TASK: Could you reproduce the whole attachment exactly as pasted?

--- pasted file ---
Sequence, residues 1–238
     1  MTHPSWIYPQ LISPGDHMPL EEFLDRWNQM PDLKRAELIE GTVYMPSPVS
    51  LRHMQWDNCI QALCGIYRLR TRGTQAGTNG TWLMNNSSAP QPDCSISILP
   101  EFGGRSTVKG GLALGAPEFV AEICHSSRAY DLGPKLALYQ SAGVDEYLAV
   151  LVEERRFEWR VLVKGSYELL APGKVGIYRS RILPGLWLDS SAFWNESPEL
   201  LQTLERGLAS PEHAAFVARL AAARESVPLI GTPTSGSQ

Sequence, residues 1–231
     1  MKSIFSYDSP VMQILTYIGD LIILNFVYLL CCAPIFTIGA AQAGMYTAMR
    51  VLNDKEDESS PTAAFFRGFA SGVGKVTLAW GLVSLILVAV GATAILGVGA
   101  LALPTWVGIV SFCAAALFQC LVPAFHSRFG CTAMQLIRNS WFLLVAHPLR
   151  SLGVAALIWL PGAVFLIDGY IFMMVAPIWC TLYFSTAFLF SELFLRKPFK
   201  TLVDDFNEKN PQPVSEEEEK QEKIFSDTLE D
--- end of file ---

Sequence, residues 1–238
     1  MTHPSWIYPQ LISPGDHMPL EEFLDRWNQM PDLKRAELIE GTVYMPSPVS
    51  LRHMQWDNCI QALCGIYRLR TRGTQAGTNG TWLMNNSSAP QPDCSISILP
   101  EFGGRSTVKG GLALGAPEFV AEICHSSRAY DLGPKLALYQ SAGVDEYLAV
   151  LVEERRFEWR VLVKGSYELL APGKVGIYRS RILPGLWLDS SAFWNESPEL
   201  LQTLERGLAS PEHAAFVARL AAARESVPLI GTPTSGSQ

Sequence, residues 1–231
     1  MKSIFSYDSP VMQILTYIGD LIILNFVYLL CCAPIFTIGA AQAGMYTAMR
    51  VLNDKEDESS PTAAFFRGFA SGVGKVTLAW GLVSLILVAV GATAILGVGA
   101  LALPTWVGIV SFCAAALFQC LVPAFHSRFG CTAMQLIRNS WFLLVAHPLR
   151  SLGVAALIWL PGAVFLIDGY IFMMVAPIWC TLYFSTAFLF SELFLRKPFK
   201  TLVDDFNEKN PQPVSEEEEK QEKIFSDTLE D